Autistic people are likely to encounter a range of health professionals and services both during and after diagnosis. Every person is different and as such, the primary care services that will provide active benefits will vary from person to person.
Many services will liaise with each other to ensure that the correct diagnosis is made, and an appropriate support plan is both created and implemented. Here is an overview of the role some of these professionals may play.
GPs work to maintain their patients’ general health, which means they often do not provide specialist treatment or advice. They are, however, in a unique position to make important referrals to specialist health and medical professionals which is a necessity for most autistic people.
Social Worker or Care Manager
Social workers and care managers play a key role in accurately assessing the specific support needs of both autistic people and their loved ones. They also work to facilitate the specific services and teams that will meet those requirements, which can vastly improve a person’s quality of life in a relatively short period of time.
Occupational therapists work with autistic people who are experiencing problems when carrying out daily activities. They can identify sensory differences that may make certain tasks unbearable, recommend environmental adaptations, and highlight therapeutic techniques that are likely to be beneficial.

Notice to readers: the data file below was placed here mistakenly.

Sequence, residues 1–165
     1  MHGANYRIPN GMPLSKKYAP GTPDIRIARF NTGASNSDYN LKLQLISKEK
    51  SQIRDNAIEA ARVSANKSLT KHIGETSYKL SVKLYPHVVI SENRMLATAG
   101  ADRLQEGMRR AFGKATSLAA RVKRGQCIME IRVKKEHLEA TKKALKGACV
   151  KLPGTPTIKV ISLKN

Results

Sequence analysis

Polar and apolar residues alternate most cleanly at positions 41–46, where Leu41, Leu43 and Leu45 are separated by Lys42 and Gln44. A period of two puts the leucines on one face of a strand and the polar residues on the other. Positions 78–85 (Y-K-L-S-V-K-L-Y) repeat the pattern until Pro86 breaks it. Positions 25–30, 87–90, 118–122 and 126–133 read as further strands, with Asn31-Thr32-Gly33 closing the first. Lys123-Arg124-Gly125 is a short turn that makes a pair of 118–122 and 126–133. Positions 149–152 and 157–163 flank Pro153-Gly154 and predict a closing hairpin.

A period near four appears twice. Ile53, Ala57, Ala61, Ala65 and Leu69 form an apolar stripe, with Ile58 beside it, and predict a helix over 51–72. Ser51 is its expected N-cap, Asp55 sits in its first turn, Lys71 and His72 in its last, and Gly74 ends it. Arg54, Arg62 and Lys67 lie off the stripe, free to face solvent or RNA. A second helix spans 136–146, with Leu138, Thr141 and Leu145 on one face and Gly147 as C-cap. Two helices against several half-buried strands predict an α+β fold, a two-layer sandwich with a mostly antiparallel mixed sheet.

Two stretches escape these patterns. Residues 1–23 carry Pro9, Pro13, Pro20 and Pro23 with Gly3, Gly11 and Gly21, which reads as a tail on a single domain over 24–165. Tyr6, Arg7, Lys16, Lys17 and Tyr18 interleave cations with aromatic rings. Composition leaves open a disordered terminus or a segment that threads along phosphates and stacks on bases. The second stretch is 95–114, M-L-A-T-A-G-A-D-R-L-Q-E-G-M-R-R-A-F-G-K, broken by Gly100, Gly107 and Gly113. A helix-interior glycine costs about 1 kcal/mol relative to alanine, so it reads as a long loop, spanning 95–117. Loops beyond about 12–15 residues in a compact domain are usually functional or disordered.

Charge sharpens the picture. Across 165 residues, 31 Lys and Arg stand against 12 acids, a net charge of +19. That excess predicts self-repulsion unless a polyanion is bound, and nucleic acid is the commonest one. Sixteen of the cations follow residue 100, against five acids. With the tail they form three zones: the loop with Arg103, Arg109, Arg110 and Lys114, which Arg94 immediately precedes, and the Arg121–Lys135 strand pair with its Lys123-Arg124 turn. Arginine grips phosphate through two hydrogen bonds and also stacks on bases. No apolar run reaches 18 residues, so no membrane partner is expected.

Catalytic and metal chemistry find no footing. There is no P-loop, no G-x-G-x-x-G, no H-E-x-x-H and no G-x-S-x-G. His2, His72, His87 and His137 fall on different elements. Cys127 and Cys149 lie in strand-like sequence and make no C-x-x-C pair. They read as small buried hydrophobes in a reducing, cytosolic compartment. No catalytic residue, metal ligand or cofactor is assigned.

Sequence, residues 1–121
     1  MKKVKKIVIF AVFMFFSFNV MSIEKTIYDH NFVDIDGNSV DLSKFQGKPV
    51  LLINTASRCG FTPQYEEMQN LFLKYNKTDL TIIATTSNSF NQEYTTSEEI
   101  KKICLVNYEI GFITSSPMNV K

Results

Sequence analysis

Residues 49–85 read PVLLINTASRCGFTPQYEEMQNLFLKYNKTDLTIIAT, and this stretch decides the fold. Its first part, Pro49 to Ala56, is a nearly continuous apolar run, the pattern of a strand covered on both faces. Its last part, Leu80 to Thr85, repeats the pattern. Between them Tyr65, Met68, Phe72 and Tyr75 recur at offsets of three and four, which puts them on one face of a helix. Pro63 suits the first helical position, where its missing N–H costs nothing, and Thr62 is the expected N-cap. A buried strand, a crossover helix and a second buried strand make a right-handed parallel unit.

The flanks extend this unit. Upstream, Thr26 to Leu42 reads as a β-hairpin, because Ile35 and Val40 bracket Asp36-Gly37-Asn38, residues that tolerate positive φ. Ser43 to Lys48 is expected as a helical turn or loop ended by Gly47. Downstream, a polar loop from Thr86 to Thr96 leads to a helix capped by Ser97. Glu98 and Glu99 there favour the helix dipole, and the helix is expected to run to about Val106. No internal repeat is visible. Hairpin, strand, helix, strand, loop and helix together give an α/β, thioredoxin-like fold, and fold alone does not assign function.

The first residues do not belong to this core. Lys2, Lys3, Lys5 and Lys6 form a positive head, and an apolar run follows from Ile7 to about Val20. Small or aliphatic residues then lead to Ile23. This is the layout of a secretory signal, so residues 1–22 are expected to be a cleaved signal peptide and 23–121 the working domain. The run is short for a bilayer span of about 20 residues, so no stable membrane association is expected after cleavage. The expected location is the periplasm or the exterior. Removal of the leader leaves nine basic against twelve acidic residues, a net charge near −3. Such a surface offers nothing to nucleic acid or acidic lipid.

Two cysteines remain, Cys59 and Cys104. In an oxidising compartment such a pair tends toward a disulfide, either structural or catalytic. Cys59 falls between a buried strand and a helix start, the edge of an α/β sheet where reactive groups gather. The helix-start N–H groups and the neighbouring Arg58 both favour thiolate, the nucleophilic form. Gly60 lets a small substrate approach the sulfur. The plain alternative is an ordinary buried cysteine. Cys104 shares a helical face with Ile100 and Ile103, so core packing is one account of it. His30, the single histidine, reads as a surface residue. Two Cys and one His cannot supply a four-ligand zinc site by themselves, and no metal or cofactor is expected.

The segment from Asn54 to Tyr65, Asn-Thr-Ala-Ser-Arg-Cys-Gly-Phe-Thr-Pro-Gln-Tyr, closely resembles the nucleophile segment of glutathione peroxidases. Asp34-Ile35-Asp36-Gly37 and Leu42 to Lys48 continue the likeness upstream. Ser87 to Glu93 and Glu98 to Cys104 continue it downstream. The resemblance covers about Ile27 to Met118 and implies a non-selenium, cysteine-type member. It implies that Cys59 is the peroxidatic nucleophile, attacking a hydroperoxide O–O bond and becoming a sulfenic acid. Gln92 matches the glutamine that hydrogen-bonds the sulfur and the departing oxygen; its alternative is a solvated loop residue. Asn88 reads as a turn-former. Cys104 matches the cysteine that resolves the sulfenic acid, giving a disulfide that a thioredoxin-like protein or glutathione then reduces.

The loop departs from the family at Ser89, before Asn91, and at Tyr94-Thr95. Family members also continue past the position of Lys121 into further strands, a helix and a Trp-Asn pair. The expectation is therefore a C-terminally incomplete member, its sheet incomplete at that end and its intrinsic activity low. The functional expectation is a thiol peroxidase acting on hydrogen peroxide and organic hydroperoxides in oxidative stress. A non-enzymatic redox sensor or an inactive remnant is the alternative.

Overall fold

Counsellor or Psychotherapist
Concerns and issues can arise throughout life but are fairly common after receiving an autism diagnosis. Counsellors and psychotherapists can provide a range of treatments and therapies to help autistic people work through their worries and implement positive tactics to transform their everyday lives.
Outreach workers can connect autistic people with activities and opportunities that will enhance their personal growth in a myriad of ways. This may include everything from supporting an autistic person to complete a course at college to helping them to enjoy playing a favourite sport.
Some research suggests that certain lens overlays can be beneficial for autistic people. Evidence is currently limited however referral to an autism specialist and behavioural optometrist may be something deemed appropriate for some autistic people.
Residential Support Worker
For autistic adults who will benefit from residential support, teams work to ensure that supported living services allow each service user to live a rich and fulfilled life. Support plans may include speech training, peer-to-peer interaction, daily living skills, and communication and learning activities.
The Value of an Experienced Autism Specialist
An autism specialist makes a difference to the lives of autistic people every single day. Support work is an extremely rewarding profession, and no two days are ever the same.
Autistic people can display a range of complex needs, each of which needs to be comprehensively met to avoid distress. From encouraging an autistic person to take part in their favourite activity to supporting them to practise effective self-care, autism specialists work with each individual and their families to achieve positive outcomes for all.